It was a beautiful, sunny day, with almost no wind. Everyone in the plane was excited, and we were all chatting about the weather and scenery (vistas surrounding Cody, WY are among the world’s most stunning). As we turned downwind I immediately found the aircraft to follow in front of me and set my power to achieve the appropriate airspeed per the participant briefing. I noted that the leading aircraft was a bit farther away than I expected, but I decided I had perhaps started my downwind turn a bit late. We continued around the pattern, chatting merrily away, as I kept an eye on the plane in front of me. I watched it turn base, then started my base as it turned final, again per the participant briefing.
As I turned final I judged the separation between me and the leading plane to be exactly as briefed. I began setting up my “bombing” run, and had my bombardier ready the ordinance. I noted we were getting a bit high on glide path and made a significant power reduction to correct. Suddenly, another aircraft appeared directly in front of me—less than 50 feet in front of me. I felt the buffet as we descended through his wake turbulence.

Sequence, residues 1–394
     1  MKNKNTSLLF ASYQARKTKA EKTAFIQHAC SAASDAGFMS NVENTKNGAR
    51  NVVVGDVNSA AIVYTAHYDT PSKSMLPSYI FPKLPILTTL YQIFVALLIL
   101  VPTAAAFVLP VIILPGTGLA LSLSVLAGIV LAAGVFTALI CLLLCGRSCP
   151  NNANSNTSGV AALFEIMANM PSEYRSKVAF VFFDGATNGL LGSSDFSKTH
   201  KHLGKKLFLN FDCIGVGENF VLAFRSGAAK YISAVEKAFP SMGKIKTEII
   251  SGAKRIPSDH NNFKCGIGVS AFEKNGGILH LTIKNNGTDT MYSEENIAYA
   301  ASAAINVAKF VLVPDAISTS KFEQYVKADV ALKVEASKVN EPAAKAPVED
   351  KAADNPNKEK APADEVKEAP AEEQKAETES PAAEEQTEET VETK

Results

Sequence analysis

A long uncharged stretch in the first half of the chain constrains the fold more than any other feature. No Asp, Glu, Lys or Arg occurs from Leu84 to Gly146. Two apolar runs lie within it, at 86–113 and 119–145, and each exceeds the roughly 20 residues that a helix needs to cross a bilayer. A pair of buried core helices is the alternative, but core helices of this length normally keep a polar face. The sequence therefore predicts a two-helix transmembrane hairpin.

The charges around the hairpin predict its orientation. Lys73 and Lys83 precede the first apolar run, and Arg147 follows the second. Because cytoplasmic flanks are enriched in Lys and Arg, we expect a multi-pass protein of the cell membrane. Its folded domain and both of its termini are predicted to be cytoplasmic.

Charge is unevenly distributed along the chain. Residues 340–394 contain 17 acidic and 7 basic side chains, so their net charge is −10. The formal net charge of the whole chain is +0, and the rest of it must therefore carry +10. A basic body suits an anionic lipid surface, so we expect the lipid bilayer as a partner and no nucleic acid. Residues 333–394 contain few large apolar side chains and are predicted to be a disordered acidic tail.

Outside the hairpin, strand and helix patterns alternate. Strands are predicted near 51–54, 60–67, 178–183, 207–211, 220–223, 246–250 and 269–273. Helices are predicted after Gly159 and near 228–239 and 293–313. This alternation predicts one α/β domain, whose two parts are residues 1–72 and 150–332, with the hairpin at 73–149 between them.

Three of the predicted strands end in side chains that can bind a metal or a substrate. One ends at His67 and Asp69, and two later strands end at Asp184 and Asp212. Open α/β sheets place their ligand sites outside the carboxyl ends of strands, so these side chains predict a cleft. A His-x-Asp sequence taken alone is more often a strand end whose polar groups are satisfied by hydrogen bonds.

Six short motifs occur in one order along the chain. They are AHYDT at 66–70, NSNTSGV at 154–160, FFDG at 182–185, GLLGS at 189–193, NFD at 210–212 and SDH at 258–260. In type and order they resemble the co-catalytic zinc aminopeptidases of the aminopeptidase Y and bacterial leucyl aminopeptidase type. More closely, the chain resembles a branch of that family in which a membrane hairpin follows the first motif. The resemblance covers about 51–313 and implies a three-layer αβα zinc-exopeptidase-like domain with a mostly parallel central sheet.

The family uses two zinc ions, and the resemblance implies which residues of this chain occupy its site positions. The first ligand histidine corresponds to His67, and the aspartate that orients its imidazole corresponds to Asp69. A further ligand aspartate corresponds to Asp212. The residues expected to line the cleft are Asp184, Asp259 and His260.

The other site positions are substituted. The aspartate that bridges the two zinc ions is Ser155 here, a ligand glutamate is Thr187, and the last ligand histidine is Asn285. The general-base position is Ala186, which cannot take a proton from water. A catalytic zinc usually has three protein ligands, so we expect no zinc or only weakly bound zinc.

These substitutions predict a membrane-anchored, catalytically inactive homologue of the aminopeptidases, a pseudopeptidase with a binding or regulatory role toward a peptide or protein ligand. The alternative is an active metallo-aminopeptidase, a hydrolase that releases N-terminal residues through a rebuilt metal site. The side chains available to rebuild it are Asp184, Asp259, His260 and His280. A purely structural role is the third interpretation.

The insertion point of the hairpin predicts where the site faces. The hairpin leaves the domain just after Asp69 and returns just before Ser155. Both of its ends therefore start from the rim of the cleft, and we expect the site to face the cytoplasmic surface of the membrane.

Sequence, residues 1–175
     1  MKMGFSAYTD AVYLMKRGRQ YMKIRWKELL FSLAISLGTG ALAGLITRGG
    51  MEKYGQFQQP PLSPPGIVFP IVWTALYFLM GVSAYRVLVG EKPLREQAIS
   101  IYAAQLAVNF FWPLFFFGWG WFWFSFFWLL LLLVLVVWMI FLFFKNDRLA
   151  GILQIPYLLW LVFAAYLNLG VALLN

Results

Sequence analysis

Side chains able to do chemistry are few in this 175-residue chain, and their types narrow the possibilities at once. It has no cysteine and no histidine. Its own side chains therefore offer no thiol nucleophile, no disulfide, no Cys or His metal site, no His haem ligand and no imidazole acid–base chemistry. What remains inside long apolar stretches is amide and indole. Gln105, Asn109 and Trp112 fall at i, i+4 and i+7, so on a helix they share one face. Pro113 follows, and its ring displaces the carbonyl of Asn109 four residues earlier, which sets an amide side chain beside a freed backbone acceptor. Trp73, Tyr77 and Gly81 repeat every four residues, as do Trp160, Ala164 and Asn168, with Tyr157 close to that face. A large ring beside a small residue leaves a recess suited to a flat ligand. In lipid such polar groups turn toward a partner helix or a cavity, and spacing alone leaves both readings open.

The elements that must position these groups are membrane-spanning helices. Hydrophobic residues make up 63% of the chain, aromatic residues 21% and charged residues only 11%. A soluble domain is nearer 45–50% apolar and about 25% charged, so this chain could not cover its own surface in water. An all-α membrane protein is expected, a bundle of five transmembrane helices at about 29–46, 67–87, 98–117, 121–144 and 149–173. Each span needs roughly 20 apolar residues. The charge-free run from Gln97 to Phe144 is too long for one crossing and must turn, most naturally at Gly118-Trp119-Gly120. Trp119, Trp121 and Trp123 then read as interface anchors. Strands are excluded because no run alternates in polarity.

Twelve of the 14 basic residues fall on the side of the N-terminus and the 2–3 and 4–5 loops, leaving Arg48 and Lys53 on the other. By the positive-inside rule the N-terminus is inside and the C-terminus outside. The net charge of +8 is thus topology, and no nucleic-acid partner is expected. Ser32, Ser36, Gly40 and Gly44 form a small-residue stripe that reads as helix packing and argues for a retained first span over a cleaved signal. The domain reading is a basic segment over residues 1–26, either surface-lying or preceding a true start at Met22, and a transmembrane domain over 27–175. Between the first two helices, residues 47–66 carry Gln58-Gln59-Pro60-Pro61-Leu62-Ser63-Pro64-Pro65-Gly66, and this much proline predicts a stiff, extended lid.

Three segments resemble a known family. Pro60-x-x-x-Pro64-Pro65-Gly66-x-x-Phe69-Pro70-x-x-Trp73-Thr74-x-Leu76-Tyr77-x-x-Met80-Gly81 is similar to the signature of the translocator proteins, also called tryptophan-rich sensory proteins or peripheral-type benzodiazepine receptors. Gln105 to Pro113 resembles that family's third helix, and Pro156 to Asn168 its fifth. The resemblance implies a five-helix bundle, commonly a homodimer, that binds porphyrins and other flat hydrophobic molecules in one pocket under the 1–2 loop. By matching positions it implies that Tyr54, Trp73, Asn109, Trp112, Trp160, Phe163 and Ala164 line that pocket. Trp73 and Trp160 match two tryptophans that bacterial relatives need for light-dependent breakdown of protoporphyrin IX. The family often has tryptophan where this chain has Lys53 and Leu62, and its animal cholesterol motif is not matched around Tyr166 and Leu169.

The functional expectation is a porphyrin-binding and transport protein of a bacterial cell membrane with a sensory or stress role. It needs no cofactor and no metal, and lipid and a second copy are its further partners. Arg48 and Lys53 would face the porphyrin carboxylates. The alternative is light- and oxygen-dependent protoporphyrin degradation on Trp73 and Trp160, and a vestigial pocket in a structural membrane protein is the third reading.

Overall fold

Turns out that when I turned downwind my aircraft to follow wasn’t actually at pattern altitude, they were 150-200 feet low. That put them under my nose. The plane I spotted was in front of the plane I was supposed to be following. We and the aircraft I almost collided with on final apparently flew all the way around the pattern in perfect alignment, with near perfect airspeed control, with him just enough below and in front that I never saw him. We both turned base and final at nearly the same time, keeping that perfect alignment. I never saw him because I was focused on the airplane I was following. It was only after I made that aggressive vertical adjustment on final that he came into my view.